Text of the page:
Page 45 Review by Stephen
"Good morning, garden."
Far more clever and carefully structured than you might initially suspect, from the creator of SNAILS, comes a larger and longer work, also signed and sketched in at the back.
Brougham presents us with three intimate short stories told in a free-floating, six-panel 'grid' of neatly spaced cameos drawn with a fine line rich in detail and redolent of country village life. In his garden the lines are more orderly, neater, whilst out in the fields the textures of the undergrowth, hedges and trees grow wilder.
So, here's that structure:
In the first story, of a morning when one is still fuzzy-headed, most of the thoughts and sensations are communicated as visual impressions. There's the back ache and the knee joint in need of much lubrication, then as he sets off to walk with his head in the clouds his head becomes increasingly cluttered with associated mental images, one catalysing another then another - things-to-do lists, computer screens and keyboards - all linked together and threatening to crowd out then overwhelm him until he steps over a wooden style onto a footpath... and emerges into wide-open fields, far more serene. Then something magical happens.
By noon, in the second, the Librarian is coherent enough to ruminate verbally on the present, visually cataloguing the component parts of his village - including those squat concrete fire hydrant markers I'd completely forgotten since leaving the countryside - which he imagines sending in a letter to I won't tell you where.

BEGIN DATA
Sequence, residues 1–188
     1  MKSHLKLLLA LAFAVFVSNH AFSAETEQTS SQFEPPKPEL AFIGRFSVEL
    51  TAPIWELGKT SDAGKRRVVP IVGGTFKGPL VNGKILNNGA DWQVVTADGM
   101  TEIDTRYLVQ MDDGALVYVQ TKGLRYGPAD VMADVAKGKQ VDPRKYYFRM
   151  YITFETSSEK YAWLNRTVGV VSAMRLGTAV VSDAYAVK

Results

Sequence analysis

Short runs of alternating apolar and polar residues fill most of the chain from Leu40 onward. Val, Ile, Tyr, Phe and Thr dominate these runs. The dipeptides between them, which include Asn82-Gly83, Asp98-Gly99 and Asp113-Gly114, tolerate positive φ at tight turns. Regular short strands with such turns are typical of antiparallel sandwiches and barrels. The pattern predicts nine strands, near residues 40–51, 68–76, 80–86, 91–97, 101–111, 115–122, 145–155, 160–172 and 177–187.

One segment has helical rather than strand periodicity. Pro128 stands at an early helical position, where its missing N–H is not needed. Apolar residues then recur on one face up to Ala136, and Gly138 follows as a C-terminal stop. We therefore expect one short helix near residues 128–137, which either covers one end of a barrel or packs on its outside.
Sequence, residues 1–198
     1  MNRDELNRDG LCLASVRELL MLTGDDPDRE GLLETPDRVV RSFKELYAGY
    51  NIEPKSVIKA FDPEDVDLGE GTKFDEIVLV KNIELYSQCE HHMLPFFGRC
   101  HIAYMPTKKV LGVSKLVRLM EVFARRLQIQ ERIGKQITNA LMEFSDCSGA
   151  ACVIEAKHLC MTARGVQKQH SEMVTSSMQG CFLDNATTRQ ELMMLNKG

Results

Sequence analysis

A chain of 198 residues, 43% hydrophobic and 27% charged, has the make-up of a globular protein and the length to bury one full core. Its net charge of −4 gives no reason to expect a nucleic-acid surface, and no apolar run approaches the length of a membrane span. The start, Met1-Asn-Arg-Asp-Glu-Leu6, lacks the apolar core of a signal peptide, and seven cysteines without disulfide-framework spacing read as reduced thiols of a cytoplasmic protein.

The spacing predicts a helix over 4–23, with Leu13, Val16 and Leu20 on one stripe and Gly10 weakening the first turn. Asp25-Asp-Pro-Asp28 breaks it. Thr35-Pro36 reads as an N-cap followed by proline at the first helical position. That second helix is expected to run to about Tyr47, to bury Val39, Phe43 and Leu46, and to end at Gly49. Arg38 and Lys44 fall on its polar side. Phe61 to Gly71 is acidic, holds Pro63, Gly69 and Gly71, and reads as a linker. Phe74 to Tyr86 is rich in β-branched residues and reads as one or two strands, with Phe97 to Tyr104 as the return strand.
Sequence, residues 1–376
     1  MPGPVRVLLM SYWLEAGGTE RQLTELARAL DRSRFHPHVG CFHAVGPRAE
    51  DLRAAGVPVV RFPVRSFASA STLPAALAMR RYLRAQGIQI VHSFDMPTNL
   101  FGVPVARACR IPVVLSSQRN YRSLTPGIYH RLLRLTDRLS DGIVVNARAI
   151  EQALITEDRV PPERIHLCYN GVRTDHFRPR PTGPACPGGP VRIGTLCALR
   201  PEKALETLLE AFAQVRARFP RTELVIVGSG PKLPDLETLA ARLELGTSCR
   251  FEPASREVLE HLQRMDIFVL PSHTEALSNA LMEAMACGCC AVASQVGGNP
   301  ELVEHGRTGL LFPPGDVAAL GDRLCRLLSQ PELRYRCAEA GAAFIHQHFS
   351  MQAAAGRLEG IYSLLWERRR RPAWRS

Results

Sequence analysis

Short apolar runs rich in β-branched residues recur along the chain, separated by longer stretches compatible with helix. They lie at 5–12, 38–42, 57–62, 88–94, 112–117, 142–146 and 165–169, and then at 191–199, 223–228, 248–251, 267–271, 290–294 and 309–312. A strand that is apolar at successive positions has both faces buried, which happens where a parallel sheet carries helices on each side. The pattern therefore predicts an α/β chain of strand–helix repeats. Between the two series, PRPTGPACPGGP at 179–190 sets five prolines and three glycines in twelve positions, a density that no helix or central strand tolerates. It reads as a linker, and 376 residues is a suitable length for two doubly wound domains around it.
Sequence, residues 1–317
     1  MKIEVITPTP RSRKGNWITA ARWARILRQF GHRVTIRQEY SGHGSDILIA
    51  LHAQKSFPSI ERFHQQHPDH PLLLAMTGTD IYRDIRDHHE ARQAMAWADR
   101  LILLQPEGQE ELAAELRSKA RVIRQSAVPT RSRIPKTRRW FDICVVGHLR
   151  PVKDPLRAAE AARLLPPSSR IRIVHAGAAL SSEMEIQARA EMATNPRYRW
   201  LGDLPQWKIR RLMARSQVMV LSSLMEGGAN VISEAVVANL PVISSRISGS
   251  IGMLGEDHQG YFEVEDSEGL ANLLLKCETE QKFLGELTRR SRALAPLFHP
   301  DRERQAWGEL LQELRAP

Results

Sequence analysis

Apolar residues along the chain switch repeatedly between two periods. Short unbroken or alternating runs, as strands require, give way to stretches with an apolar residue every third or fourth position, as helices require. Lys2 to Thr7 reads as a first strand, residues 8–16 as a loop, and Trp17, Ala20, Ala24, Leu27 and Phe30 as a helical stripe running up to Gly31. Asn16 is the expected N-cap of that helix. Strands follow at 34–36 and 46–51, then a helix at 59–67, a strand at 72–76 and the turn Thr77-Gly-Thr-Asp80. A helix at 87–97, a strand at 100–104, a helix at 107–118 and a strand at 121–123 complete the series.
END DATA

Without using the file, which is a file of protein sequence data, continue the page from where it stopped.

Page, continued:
Then finally at night, he is in the mood to reminisce and casts his mind back to the past.
That seems like the natural order of things to me.
I only have interior art for the first episode, but in that third it's New Year's Eve - ever a time of reflection - and he's out for a stroll, the streetlights firing up, as they do, in no fixed order.
"Frost crackles underfoot.
"They're getting them in at the Black Bull."
I love that he perceives life through walls and via the smoke rising through canal-barge chimneys. What he becomes fixated on - of all things - is a zoo whose exotic animals had lived, breathed then died where now stands a Sainsbury's roundabout. It's quite an ornate one, full of foliage.
"He thinks of Rosie's ghost out there on the periphery, stranded on the roundabout...
"And the rest of the zoo animals with her there, out on a herbaceous ark, floating through darkness."
They make quite the racket too so, for those two panels at least, I was minded of ALEC's Eddie Campbell.
Rosie was the zoo's star attraction, by the way: an elephant with a heartbreaking history. She's been long since forgotten, but Librarians look after the past, don't they, making sure it's accessible to the present. A gesture is required to record Rosie's existence, so a specific sign is swapped...